Needing More Than a Fresh Coat of Paint

For more than 25 years, I worked with nonprofits providing affordable housing. We were always on the hunt for a house or an available apartment building. I learned to love the smell of fresh paint but also knew to bring an experienced inspector with me.  New paint looks good but frequently covers a myriad of structural issues.  Only by looking beneath the veneer of fresh paint could we know the integrity of the house’s foundation and framing.

On the surface, Maddox has made progress living into our racial equity imperative. Our 2021 grant analysis reveals that we are supporting partners with more diverse boards and more organizations led by and for BIPOC communities (Black, Indigenous and People of Color).  We have added partners committed to the movement building essential to systemic change.  Even our Opportunity (out-of-cycle) Grants have grown to be more responsive to the unique challenges faced by Black and diverse leaders.  Our 2021 Young Professional Scholarships at CNM will focus on BIPOC leadership development.

But upon deeper inspection, the Maddox Fund’s policies and practices have perpetuated racial inequity. Examining our most recent 5-year comparison, we found that:

  • The 5 organizations that have received the largest cumulative levels of funding since inception are all white-led organizations
  • Out of the 9 organizations receiving more than $200,000 in total funding, none are BIPOC-led*
  • Out of the 33 organizations receiving more than $100,000 in total funding, only 3 of them are BIPOC-led

In addition, the amounts granted to BIPOC organizations over the past five years have remained relatively flat, despite Maddox’s growing awareness of the additional difficulties these organizations face.  Our pattern of giving reflects a philanthropic ideology that gives preference to established, predominately white-led organizations with “pedigreed” boards and unqualified audits. Maddox has walked safely on the tried-and-true path of Southern philanthropy (charity focused. transactional, ROI minded with power held close).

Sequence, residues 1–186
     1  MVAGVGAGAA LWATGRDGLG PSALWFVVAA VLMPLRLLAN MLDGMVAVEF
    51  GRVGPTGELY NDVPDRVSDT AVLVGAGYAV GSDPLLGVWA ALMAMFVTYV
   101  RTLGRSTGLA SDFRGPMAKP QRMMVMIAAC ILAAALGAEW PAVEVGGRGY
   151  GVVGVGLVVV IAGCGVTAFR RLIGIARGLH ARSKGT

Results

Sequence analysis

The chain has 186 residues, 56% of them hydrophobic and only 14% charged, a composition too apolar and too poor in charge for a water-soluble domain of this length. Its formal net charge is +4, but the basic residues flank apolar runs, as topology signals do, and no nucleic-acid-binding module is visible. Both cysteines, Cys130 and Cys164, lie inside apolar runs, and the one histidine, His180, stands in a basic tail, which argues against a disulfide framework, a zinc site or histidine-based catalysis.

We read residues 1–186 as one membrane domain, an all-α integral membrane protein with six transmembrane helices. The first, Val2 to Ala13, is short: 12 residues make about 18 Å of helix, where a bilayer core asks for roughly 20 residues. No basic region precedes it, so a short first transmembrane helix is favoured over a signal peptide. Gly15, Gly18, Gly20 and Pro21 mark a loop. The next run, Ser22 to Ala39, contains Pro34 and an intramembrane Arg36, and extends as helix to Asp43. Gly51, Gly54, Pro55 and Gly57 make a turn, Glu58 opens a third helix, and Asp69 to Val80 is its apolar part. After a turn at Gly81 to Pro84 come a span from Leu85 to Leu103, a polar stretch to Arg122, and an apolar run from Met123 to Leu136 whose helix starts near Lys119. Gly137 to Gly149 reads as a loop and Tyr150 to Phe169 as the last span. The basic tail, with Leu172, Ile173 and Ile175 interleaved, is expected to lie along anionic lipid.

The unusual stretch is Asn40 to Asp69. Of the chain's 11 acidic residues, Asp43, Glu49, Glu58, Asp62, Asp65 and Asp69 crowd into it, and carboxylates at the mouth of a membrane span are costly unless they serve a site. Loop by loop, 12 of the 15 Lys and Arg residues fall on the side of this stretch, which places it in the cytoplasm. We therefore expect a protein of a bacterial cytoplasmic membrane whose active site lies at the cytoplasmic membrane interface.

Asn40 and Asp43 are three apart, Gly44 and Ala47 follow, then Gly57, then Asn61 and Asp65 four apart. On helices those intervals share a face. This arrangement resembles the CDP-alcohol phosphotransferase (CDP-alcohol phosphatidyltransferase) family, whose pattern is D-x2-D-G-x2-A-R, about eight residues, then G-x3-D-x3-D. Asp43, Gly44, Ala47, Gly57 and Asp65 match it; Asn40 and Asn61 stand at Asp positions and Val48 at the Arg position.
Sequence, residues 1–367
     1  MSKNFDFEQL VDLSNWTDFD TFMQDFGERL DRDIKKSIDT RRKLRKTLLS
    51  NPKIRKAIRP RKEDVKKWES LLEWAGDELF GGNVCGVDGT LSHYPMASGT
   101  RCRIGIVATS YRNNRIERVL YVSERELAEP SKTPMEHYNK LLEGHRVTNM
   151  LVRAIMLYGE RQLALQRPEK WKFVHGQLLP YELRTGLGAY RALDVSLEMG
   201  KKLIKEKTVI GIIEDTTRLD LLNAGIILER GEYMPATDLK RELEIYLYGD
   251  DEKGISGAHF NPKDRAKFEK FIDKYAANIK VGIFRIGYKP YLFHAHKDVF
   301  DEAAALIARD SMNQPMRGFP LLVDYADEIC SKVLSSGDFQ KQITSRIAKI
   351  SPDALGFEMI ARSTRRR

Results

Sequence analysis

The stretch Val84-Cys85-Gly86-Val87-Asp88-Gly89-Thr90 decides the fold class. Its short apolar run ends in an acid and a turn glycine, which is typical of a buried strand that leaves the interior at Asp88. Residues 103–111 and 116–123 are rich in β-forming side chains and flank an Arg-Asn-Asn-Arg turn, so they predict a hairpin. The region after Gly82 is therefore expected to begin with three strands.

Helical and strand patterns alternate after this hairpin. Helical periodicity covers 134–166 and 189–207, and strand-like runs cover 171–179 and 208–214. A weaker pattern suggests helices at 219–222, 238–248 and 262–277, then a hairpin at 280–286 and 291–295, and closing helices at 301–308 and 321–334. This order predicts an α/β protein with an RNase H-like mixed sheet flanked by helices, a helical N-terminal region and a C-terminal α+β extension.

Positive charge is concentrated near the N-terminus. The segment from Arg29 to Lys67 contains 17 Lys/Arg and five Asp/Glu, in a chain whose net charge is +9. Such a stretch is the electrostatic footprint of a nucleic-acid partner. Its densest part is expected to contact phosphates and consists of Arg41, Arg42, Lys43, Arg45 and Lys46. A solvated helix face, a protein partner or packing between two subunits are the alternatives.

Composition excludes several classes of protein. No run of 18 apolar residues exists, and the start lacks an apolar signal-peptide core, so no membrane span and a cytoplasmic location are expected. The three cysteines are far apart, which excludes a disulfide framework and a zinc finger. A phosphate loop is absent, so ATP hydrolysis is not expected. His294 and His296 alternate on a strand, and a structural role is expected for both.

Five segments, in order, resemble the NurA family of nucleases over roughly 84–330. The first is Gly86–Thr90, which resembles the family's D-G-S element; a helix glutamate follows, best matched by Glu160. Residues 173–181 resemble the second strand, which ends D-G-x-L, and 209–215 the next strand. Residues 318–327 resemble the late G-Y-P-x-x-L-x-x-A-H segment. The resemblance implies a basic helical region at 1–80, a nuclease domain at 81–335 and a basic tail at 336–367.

The impact of the chronic underfunding of BIPOC-led organizations cannot be fully measured.  Most obvious are the challenges of building strong infrastructure or developing pipelines of experienced BIPOC leaders.  Lack of funding also thwarts program innovation. But less obvious is how a lack of trust, resulting in underfunding and misplaced funding requirements, zaps the vision of BIPOC leaders—the ability to imagine a world that is yet to be and then to apply bold strategies to lead us toward shared liberation.

The Maddox Fund is in the early stages of an internal racial equity audit, but one thing is clear; it will take more than a fresh paint job to repair the damage of our chronic underfunding of BIPOC organizations.

By looking at these structural issues, we can see that rebuilding the Maddox house as a strong anti-racist organization will require dismantling certain mind-sets, assumptions, practices and policies.  Our racial equity imperative compels us to move beyond window-dressing toward transformative change. As one Maddox Board member put it, “We need change that is more than performative.”

This work will be undergirded by several of our core organizational values:

  • We believe education and knowledge are transformative 
  • We engage our work with humility and curiosity 
  • We celebrate courageous leadership 

The Maddox Fund is a learning organization.  We believe in the Cycle of Transformation–awakening, wandering, releasing, reimagining, rebuilding and reawakening—all guided by the North Star of liberation.  This cycle of learning is continual.  I remain thankful for the Maddox board and its courageous leaders, who approach this work with humility and curiosity.

Most of the 2021 Maddox grants are 2-year partnerships designed to give us time to reimagine and repair or rebuild our grantmaking practices. We confess that we probably won’t get it right the first time but, as a learning organization, we will continue to strive for real racial equity in our three areas of focus—education, youth and wildlife conservation.

Our Next Steps:

  • Completing our first equity self-assessment (equity audit) with North Star statements to evaluate ourselves again in 3 years.
  • Increasing diversity on the Maddox Board (currently, 63% of board members identify as BIPOC).
  • Exploring participatory grantmaking through a Youth Philanthropic Advisory Board.
  • Offering Young Professional Scholarships to Center for Nonprofit Management focused on BIPOC leaders.
  • Joining other funders to support nonprofit capacity-building through Center for Nonprofit Management, CEO Circles and video trainings.
  • Reimagining grantmaking.

Maddox has been in the midst of listening meetings with our nonprofit partners.  They have asked that we communicate more about what we are learning and more of our thoughts along the way—so here it is. From our 5-year data we have learned that our giving is more diverse but not more equitable. 

If knowledge is transformative, we stand ready for more than a fresh coat of paint.

*BIPOC-led for this purpose was defined as either an organization that is led by a person of color and has a board with at least 33% of its members being people of color or an organization with over 50% of people color on their board

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